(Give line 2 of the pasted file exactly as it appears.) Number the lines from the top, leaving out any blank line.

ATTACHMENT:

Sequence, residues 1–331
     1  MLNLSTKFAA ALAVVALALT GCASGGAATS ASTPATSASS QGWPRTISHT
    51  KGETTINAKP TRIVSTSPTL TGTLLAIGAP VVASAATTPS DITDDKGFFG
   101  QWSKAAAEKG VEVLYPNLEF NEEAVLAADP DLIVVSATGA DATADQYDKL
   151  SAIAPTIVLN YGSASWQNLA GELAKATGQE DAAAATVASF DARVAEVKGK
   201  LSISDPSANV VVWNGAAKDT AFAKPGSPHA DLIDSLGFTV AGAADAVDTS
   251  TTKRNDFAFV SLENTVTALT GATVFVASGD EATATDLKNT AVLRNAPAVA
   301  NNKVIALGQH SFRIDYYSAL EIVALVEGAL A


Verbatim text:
     1  MLNLSTKFAA ALAVVALALT GCASGGAATS ASTPATSASS QGWPRTISHT